Categories for Childhood

Children or adults that are not listening through general disrespect Essay

Children or adults that are not listening through general disrespect Essay

If you make eye contact with the adult or child you can draw their attention towards you. Calling out a child’s name will make them turn to face you so that you can talk to them. If you lower the tone of your voice and talking in a quiet calm manner, the adult or child would have to concentrate more to try to hear what you are saying and will also help calm an active child down enough to listen to you attentively.

It’s also an affective method to calm an angry parent who is shouting and doesn’t want to hear what you are saying. You could also hold a child’s hands so they know it’s them that you are talking to.

You could adapt the surroundings, like taking a parent or child into an office to talk to them. If an adult is angry and is not listening to what you are saying, you could also let them have their say first so that once they have voiced their opinion they will be ready to hear what you have to say.

Hearing impairment and speech impediments Using sign language and speaking clearly helps us to communicate with hearing impaired people, they can understand what we are saying through lip reading and the sign language will help emphasis that.

If people have speech impediments it is important to allow them plenty of time to speak, rushing them can make them nervous and make the impediment worse or stop them from communicating at all. Using flash cards is also another way of communicating, with children and adults that have hearing and speech problems. (see attachment) Behavioural problems and learning difficulties If a person you are communicating with has behavioural problems or learning difficulties it is important that you are patient with them.

Using simple language with people with learning difficulties help them to understand what you are saying. By identifying the problem then trying to understand it, you can find ways in which to adapt your approach to a way that they will understand you. If a child is hyperactive, trying to get them to sit down and hold a conversation will be difficult, but doing it through play is a way to hold their concentration. English not being the first language (ESOL) Using simple vocabulary will improve understanding and using body language and hand gestures help by emphasis what is being said.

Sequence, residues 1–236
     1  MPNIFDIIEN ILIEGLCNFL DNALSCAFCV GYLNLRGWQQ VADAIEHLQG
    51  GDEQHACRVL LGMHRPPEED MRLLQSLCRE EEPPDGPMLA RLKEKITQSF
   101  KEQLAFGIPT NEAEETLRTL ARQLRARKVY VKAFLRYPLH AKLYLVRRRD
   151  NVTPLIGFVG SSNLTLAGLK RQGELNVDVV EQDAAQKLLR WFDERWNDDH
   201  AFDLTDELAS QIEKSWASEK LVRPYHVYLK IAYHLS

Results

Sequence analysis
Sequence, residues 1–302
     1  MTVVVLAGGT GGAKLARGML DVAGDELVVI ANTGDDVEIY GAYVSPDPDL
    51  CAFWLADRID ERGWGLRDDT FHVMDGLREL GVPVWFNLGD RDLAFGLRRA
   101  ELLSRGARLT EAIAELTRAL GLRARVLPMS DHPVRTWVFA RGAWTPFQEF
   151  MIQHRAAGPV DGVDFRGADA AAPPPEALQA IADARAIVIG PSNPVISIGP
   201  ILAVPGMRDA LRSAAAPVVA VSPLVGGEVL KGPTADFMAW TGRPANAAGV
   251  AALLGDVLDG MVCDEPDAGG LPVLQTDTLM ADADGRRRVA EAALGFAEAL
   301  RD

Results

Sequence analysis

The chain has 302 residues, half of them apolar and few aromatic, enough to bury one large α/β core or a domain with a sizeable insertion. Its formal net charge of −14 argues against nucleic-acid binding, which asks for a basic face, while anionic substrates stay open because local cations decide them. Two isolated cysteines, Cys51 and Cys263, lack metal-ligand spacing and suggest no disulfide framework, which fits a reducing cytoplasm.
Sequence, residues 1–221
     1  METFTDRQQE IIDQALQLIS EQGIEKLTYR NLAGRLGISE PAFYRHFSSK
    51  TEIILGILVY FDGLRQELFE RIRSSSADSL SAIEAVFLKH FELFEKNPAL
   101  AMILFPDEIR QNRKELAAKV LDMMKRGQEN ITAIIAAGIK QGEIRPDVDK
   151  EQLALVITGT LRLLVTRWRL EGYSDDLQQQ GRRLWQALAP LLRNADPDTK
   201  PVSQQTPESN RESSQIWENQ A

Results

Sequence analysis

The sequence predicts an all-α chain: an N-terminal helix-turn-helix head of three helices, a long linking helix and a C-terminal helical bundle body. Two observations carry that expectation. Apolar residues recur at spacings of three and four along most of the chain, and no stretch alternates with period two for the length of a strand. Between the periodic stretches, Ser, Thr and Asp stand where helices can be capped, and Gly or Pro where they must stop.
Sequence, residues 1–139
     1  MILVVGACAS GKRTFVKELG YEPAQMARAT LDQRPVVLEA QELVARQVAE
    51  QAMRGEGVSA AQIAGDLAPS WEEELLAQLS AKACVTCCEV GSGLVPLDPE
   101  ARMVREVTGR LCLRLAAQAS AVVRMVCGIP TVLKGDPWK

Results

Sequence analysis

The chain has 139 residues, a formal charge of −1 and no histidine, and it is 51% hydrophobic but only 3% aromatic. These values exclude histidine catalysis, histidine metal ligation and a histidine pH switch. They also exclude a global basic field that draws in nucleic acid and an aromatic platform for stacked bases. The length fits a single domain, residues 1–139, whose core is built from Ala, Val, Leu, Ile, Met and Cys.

A good way of communicating with parents/carers that don’t use English as a first language is by compiling a multilingual newsletter, where you can put across any information and not have miscommunication. You can also set up a buddy system with adults or children, where there maybe another child who is bilingual that can help translate. Shy or timid people Interacting with adults and children on a one on one basis helps to communicate with introvert people.

With adults this could be in the form of a meeting, and with children this can be through play. Circle time is another way of helping shy children talk, asking individuals questions or singing songs. Not getting on with colleagues or dealing with two faced people Holding staff meetings with a unbiased coordinator gives staff a chance to air their grievances and find a possible resolution to them. Team building exercises can also help people get along, through play with children to colleagues being put on a project together.

With children you can also reinforce club rules, and with colleagues you can reinforce policies. You can also used role play and read stories, giving children a different view on what they are doing wrong and see how treating their peers bad affects them.  Not making time or effort to communicate Arranging meetings with staff or parents/carers will give enough notice for them to make time for a meeting. With children you can use circle time as an opportunity to have class discussions.

Beauty Pageants and Our Children Essay

Beauty Pageants and Our Children Essay

Alost 3 million children, most of them girls, from the ages of 6 months and 17 years compete in beauty pageants annually in America. Competition can be local and national and they compete in categories such as swimwear, talent, costume of your choice, and eveningwear. This is an industry where mothers give her daughter energy drinks for a boost before pageants, 3-year-olds don fake fingernails, and parents regularly spend five thousand dollars on a child’s pageant outfit (O’Neill 1). Beauty pageants have negative consequences on America’s youth contestants through the pressure to be “perfect,” media influences, and child sexualization, which results in exhaustion, eating disorders, and body image issues in their future.